I was a bit dubious when Charlie Crist announced that he intended to go to Cuba this summer, fresh off the positive buzz he'd received after criticizing the U.S. economic embargo on the Communist island. Calling for the sanctions to end was one thing — but going to Cuba itself? Though it's hard to calculate whether it would have been an ultimate winner or loser for the once and possibly future governor, it's obvious that his brain trust came to the latter conclusion, and ultimately nixed what would have been an incredible media event, if nothing else. I have to admit I was looking forward to seeing how that would play out.
But Charlie's not going to Cuba, now.
He's decided to remain in Florida presumably until November 4, when the voters will decide whether or not they want him to lead them over the course of the next four years. And now maybe he has time to debate Nan Rich? That's what the Miami Herald
is demanding in an editorial
The paper asks simply, "What is Mr. Crist afraid of? Or is it arrogance? His refusal to debate the former legislator is unseemly and exclusionary. Of course, it’s politics at its worst." But the Herald
also takes aim at the Florida Democratic Party, desperate to get one of its own into the governor's mansion after a 16-year drought.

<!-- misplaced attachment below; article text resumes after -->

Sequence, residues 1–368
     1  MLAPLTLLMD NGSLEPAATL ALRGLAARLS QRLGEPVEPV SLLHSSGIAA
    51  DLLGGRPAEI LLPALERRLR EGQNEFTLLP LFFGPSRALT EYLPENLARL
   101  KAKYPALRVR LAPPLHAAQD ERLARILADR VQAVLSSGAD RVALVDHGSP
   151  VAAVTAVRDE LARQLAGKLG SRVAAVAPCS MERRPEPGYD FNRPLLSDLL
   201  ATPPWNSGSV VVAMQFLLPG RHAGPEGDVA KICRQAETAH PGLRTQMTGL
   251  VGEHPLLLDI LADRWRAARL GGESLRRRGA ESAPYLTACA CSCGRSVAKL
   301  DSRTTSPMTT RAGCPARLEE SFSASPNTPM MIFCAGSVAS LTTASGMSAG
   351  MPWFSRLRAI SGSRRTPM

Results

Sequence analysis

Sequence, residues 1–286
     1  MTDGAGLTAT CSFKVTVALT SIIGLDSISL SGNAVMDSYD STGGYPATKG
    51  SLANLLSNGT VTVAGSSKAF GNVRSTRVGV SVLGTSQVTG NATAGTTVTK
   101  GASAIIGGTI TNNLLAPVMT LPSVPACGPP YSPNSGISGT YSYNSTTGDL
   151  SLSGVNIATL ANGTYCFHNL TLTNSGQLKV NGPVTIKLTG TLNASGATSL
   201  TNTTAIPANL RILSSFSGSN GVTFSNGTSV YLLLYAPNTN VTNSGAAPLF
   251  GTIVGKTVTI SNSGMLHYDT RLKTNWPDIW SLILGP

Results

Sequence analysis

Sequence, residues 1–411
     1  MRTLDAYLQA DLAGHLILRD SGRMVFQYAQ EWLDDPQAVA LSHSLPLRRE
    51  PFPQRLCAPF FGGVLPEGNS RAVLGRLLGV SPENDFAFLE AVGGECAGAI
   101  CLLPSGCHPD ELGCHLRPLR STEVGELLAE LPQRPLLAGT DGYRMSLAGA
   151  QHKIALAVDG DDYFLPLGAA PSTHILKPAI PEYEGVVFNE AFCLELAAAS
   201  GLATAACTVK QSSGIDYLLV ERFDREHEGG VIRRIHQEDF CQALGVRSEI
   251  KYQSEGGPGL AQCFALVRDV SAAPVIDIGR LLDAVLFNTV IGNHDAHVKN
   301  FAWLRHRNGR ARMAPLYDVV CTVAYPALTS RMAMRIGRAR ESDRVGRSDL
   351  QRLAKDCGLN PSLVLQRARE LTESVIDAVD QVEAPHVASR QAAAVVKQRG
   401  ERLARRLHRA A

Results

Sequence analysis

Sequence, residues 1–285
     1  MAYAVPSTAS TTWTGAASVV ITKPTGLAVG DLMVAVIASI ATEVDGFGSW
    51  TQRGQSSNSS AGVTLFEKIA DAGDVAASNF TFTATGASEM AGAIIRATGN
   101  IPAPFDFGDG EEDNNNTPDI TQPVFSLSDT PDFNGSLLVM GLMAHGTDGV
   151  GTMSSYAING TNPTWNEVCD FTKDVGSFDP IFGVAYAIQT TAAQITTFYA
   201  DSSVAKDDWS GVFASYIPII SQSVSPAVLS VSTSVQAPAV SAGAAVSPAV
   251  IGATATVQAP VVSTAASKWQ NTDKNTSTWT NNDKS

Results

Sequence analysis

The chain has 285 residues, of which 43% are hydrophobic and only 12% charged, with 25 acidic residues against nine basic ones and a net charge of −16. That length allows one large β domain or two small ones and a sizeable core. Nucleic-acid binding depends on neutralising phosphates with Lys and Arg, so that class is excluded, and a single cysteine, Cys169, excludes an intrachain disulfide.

In its quest to take back the governor’s mansion, state party officials have clammed up, remained neutral. Instead of taking a stand and pushing for a real primary race, they have, with their silence, already declared Mr. Crist “The One.”
There's no question that party leaders have been silent about advocating for a debate. The consensus apparently is that Rich would nick Crist for his lack of Democratic Party bona fides, and only hurt him going into the general (since he is expected to defeat her in the August 26 primary). But don't voters, or in this case, Democrats, want to see their ultimate candidate go through a little pain to earn their votes? We said it during the DCCC debacle in CD13 — a primary race is not the worst thing in the world. Look at what such a race did to strengthen an otherwise little-known guy named David Jolly in the GOP. There's still eight weeks to go until Aug. 26, plenty of time to set up at least one debate. Maybe Dems like Bill Nelson and/or Jim Davis will start speaking out for fairness, since they're hardly major advocates for a Crist candidacy.
Speaking of the governor's race, the Republican Party of Florida is smarting over the first ad the Democrats have put up on state-wide TV showcasing golden oldie footage (Rick Scott's got hair!) of Scott taking a deposition. The footage is not, however, from the case that the Dems have tried to revive this summer, the one that led HCA/Columbia, which Scott ran in the ’80s and ’90s, to be fined a record amount for Medicaid and Medicare fraud. The RPOF claims that the ad is misleading, and their attorney is asking television stations throughout the state to stop airing it.
And how about that Jeb Bush? Although it's still ridiculously early to talk presidential politics, the fact of the matter is all of the serious candidates will be declaring their candidacies within the next half-year. And poll results in one early voting state — Iowa — do not augur well for the former Florida governor.